March 11th, 2015
I love learning about new designers, and hearing the back-story behind their collections. A designer is an entrepreneur. A risk-taker. Someone who believes enough in his own vision to bet his livelihood, and his reputation, on it.
Dan Torjman is the owner and designer behind Toronto-based menswear brand 18 Waits. Other than the fact that he couldn’t look more like a French Canadian menswear designer, I love that Dan and his team are making everything locally, in and around Toronto. I also love that for every one of his collections he creates an editorial video to showcase his new pieces in action – his latest video features “Suits” actor, and fellow Toronto native, Patrick J. Adams.
Like most designers, Dan’s collection is an extension of his personal style, which is defined by rugged tailoring, a slightly rumpled outdoorsman vibe, and his layers of handmade jewelry. He’s got a kind of French Canadian Johnny Depp thing happening, and it works, because it’s authentically him and he completely owns it.
We caught up with Dan in his Toronto design studio to learn a little more about his brand and the personal style that influenced it all.
On The Creative Process
Of all the accessories that Dan wears on a daily basis, many of them never come off. It would take too long to take them all off and put them back on, and keeping them on ensures they will get that real broken-in feel. The neck scarf is worn every day, to mask the scars from a throat surgery he underwent that left his speech affected. The life-saving procedure left him with a soft voice, but did not affect his warm fun-loving spirit.
Most of the fabrics that Dan uses in his collections have an unpolished, slightly rugged, thick canvass-y feel to them. Think heavy linens and herringbone twills. Even brand new his pieces look slightly lived-in, or at least ready to take a beating from those epic Canadian seasons.
“Before creating 18 Waits I worked with Rogan in NYC, a denim company that specializes in street-wise basics. It was such a great experience. I loved the brand, the people and the ethos, but my goal was always to run my own brand. To me, 18 Waits isn’t just about clothing. It’s a way of life – a lifestyle and a mentality. I have a passion for many things including music, nature, arts, design…18 Waits was meant as my vehicle for me to bring these passions together and immerse myself in the creative process.
I get to work with photography, video, music, jewelry, clothing, graphic design – so many wonderful outlets – and most importantly, with so many wonderful people. That’s what it comes down to. I love doing what I’m doing – every single day.”
On Personal Style Evolution
From my experience, the biggest influence on how we dress is the lifestyle we live, followed directly by the lifestyle we want to be living. That’s why clothing can tell us so much about a person, the combination of a little about where he’s from, and a little about where he’s going. Ultimately it’s a person’s experiences that shape their aesthetic and point of view.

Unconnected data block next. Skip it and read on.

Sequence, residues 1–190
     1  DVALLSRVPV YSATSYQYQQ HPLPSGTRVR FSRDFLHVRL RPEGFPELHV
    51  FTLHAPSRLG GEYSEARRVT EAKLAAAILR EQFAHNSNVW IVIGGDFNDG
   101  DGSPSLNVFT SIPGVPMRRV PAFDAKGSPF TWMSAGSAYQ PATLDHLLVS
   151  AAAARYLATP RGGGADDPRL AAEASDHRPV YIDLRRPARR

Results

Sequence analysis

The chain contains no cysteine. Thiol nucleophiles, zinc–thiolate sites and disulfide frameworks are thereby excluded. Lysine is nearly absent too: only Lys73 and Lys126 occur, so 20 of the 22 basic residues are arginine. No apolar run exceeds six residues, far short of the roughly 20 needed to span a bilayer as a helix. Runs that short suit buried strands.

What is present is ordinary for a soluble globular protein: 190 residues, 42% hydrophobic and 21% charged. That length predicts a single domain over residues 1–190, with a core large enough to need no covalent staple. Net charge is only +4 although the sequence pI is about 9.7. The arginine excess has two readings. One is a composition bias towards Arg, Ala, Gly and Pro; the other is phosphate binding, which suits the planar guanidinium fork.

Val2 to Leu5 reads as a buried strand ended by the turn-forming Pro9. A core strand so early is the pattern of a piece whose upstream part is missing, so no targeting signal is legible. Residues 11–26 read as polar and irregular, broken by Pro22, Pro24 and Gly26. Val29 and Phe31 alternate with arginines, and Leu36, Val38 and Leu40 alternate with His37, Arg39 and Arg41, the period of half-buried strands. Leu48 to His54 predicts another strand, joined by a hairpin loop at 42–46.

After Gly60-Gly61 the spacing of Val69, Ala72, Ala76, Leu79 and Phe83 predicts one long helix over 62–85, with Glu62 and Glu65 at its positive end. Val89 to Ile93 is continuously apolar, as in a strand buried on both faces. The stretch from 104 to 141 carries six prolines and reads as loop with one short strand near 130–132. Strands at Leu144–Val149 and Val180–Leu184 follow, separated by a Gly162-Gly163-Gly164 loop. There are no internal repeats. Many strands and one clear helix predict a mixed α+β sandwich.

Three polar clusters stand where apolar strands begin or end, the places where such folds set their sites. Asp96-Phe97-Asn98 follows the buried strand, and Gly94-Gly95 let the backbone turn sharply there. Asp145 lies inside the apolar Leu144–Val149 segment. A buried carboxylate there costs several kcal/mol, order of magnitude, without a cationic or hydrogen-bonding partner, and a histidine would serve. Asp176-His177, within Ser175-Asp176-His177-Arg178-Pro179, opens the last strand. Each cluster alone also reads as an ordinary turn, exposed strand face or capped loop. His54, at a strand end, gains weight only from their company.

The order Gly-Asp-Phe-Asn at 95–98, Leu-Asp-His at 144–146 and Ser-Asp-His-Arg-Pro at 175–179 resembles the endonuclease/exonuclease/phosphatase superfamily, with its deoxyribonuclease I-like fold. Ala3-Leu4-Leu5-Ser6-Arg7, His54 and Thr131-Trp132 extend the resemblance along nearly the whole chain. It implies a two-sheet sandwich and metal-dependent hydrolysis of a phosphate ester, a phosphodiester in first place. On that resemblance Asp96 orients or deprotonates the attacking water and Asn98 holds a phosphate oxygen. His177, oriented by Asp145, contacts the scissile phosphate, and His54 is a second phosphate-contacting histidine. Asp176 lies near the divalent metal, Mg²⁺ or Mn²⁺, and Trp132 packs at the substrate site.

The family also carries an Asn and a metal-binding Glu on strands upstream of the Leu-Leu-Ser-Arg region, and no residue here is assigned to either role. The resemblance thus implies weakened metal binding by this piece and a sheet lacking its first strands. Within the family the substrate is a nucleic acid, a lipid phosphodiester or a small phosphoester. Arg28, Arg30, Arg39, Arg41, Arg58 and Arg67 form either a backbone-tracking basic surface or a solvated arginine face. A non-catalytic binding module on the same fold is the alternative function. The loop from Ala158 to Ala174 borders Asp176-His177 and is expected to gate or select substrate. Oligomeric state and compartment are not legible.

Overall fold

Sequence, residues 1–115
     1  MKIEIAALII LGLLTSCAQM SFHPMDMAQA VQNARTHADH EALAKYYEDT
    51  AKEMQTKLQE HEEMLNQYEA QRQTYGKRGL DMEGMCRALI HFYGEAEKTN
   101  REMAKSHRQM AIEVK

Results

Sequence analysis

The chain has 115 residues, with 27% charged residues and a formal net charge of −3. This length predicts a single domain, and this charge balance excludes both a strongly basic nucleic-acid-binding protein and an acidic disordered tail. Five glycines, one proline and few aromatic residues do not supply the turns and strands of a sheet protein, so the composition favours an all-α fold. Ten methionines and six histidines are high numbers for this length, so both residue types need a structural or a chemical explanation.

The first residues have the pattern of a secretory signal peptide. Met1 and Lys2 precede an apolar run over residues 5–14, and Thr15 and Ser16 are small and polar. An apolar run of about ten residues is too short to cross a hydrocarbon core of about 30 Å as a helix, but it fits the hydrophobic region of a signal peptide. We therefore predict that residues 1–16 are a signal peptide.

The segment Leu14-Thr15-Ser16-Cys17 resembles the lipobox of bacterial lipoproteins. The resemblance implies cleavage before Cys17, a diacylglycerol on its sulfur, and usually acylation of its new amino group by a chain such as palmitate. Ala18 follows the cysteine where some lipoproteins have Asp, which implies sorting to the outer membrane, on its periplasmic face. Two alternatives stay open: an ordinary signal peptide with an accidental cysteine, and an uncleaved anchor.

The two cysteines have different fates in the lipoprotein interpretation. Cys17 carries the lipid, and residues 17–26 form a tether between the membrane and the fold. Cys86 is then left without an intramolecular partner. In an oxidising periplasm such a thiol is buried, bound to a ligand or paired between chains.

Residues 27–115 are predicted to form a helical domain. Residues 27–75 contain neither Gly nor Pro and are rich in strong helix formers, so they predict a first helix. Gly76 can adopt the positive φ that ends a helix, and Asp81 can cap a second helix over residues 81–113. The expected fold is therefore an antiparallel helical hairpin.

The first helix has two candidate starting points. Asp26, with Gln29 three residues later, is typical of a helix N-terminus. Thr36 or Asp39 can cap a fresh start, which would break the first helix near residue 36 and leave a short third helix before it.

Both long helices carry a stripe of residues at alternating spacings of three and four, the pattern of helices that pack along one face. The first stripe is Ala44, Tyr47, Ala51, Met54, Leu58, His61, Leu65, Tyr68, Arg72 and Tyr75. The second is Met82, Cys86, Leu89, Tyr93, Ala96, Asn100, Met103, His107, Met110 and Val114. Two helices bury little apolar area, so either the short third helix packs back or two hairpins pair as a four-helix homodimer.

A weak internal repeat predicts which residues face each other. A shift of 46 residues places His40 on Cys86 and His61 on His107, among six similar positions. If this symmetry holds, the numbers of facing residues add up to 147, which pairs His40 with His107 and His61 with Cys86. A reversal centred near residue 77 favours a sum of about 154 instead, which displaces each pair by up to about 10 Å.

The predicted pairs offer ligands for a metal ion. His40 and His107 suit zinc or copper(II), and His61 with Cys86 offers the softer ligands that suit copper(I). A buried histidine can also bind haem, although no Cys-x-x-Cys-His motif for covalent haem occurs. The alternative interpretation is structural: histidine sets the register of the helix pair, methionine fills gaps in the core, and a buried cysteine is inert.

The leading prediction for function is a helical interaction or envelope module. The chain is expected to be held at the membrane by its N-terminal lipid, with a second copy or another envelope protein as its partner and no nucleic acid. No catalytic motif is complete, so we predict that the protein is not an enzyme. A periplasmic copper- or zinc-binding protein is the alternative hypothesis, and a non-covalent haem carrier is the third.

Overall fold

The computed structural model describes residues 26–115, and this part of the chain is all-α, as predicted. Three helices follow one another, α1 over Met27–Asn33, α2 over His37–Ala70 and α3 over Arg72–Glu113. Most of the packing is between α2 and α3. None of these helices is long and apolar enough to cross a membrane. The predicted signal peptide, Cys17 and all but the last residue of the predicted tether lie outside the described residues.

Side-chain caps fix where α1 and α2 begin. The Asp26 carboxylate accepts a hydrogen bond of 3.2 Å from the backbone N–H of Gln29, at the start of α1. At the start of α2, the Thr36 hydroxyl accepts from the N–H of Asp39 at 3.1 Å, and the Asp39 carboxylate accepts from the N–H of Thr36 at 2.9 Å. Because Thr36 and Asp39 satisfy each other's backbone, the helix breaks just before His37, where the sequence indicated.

“I’ve always had an interest in clothing and style – even as a kid. I started skateboarding with the neighborhood kids when I was around ten years old, and by 15/16 I was heavily into snowboarding & skateboarding. So I was dressing the part: baggy pants, oversized hoodies, etc. All of that changed when I watched The Doors by Oliver Stone when I was 17. I still snowboarded & skateboarded but I grew my hair out long and started dressing more like Jim Morrison. Tighter, washed out jeans, plaid shirts, brown boots, necklaces… This new lifestyle lead to further exploration down the rabbit hole of Rock & Roll and eventually got me to the Grateful Dead… So there was a good amount of Tie Dye added to the mix by the age of 18-19.
In my 20’s I learned more about fashion, became more “brand conscious”, and considered quality of manufacturing as much as style. My jeans went from Levi’s to Diesel, to eventually Rogan… Lately, in my early 30s, I enjoy wearing a well-tailored suit more than I did in years passed. And I wear a lot more hats now that I’m older. My hat collection has become a mainstay of my every day style.”
On Rugged Tailoring
As a proud French Canadian, I love this look. With the subtle railroad stripe, Dan strikes a nice balance between utilitarian workwear and smart tailoring. It’s still tailored, just not in a way that’s overly pristine or stuffy.
The overcoat is also reversible; “the Longshoreman Jacket is one of our favorites (and best sellers). It’s so good that we sell many to women who then get them tailored to fit their measurements. It’s a great sharp utilitarian jacket. Last season we offered it in a waterproof waxed cotton or a heavy wool flannel. People were going crazy trying to decide which one to chose, so for this Fall/Winter 2014 collection we made them reversible. One side is the waxed cotton, the other is the wool flannel. Problem solved.”
Thanks, as always, for reading and special thanks to Dan for participating!
Yours in style,
Photography by Alex Crawford